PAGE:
Functional exercise capacity assessment is recommended in children with cystic fibrosis (CF). The six-minute walk test (6MWT) is a valid evaluation of exercise capacity but can be technically complex. Inversely, the sit-to-stand test (STST) is a simple method to evaluate exercise capacity, and is validated in healthy children and adults with CF. This study aimed to evaluate STST measurement properties in children and adolescents with CF.
In this multicenter study, children with CF (6 to 18 years) performed two iterations of both the STST and the 6MWT in a randomized order. Criterion validity was determined by assessing correlations between STST repetitions and 6MWT distance (6MWD). Intra-rater reliability, test-retest repeatability, mean bias and limits of agreement were also assessed. Relationships with other outcomes (i.e. respiratory and quadriceps muscle strength) and cardio-respiratory responses were analysed for both tests.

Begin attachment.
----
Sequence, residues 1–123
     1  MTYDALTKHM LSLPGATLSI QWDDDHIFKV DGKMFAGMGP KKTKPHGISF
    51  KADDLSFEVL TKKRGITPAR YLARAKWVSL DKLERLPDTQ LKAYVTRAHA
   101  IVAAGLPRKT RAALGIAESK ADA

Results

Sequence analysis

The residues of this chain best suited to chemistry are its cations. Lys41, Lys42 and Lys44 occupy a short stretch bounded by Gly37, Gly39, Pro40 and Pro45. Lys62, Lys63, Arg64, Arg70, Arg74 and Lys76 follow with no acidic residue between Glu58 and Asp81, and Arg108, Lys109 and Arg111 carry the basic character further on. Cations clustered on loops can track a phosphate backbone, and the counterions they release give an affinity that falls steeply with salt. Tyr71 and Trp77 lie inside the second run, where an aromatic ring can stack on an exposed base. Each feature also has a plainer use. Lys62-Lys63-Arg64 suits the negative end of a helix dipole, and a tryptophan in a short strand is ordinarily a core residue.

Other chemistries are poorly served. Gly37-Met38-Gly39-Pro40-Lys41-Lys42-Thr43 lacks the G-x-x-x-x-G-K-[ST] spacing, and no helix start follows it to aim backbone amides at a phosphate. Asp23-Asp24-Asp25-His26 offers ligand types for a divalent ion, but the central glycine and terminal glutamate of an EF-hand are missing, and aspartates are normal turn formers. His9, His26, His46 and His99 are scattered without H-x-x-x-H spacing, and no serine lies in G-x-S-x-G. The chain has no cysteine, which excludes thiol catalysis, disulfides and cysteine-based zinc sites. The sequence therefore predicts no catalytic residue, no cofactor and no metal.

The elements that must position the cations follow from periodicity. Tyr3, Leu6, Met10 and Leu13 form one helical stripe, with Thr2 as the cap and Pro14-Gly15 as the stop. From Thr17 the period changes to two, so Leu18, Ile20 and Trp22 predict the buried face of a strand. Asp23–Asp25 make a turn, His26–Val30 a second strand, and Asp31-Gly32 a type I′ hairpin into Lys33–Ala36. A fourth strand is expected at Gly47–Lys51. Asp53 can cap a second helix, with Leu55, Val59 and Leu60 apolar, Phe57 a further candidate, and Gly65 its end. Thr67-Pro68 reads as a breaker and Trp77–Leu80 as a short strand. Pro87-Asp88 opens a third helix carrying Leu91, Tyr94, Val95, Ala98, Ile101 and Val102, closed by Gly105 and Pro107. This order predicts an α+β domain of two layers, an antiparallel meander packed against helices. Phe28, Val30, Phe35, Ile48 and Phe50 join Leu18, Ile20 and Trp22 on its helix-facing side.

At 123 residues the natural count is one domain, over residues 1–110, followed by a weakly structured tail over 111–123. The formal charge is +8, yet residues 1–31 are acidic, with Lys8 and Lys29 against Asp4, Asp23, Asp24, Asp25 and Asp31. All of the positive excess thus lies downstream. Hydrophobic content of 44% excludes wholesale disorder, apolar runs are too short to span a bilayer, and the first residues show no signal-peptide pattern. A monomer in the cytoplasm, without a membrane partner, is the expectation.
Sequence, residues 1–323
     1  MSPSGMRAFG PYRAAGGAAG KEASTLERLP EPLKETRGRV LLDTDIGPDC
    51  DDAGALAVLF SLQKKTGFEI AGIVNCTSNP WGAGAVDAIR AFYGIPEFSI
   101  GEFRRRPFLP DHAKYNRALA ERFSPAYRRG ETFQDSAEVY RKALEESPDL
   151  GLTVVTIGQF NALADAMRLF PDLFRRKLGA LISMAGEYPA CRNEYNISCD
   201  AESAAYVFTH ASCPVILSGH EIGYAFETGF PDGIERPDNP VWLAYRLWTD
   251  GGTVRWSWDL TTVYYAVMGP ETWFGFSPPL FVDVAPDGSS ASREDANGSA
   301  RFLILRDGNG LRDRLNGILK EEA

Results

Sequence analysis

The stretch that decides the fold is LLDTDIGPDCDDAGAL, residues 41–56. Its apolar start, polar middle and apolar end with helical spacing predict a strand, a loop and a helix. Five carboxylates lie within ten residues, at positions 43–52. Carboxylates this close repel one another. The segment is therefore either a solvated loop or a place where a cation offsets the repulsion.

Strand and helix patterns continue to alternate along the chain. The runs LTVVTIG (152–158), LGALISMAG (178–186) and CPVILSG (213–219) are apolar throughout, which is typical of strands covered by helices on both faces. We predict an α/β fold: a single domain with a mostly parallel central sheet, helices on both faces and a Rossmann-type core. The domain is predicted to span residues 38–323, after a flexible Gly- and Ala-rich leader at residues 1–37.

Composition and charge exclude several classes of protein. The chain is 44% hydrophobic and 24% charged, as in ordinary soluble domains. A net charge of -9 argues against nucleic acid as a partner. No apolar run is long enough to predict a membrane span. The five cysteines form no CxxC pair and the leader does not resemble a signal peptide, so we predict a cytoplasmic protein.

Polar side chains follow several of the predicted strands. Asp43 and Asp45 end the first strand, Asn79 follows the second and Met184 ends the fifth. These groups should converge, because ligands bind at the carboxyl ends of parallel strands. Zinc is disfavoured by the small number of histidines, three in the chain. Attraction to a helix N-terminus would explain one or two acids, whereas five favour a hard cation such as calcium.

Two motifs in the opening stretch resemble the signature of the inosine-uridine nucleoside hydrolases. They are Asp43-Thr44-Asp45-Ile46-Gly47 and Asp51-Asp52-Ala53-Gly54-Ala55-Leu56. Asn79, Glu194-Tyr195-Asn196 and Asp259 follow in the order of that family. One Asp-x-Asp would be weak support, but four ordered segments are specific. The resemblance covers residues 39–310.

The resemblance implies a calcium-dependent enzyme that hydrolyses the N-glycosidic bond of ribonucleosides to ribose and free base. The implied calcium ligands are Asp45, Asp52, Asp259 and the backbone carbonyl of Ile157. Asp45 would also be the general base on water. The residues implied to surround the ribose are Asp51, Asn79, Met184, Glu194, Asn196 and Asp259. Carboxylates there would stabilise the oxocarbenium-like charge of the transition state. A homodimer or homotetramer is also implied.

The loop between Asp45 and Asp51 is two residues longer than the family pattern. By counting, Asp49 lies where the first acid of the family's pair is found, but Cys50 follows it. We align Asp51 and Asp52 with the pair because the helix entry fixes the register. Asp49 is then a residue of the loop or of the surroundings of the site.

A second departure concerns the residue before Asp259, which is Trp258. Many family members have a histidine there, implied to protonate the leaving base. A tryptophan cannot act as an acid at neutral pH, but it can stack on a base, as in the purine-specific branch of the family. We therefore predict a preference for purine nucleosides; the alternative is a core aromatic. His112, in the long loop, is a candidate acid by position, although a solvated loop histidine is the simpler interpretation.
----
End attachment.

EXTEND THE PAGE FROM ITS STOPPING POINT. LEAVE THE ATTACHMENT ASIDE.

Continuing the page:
Thirty-six children with CF were included (mean age 12.0 ±3.5 years and FEV1 95.8 ±25.0%). On average, 39.6 ±10.5 repetitions were performed during the STST and mean 6MWD was 596.0 ±102.6 meters. STST number of repetitions was significantly correlated with 6MWD (r = 0.48; p<0.01). Both tests had very good intra-rater reliability (ICCSTST = 0.91 (95%CI 0.76-0.96) and ICC6MWT = 0.94 (95%CI 0.85-0.97)), and a significant test-retest learning effect. The number of STST repetitions was not correlated with quadriceps or respiratory muscle strength test, and the STST induced fewer cardio-respiratory responses than the 6MWT.
The STST is an easy-to-use functional test with moderate criterion validity when compared to the 6MWT in children with CF, probably because both tests measure different components of functional exercise capacity. The STST is useful when the 6MWT is unfeasible, however further investigations are required to explore the clinical implications of STST results in children with CF.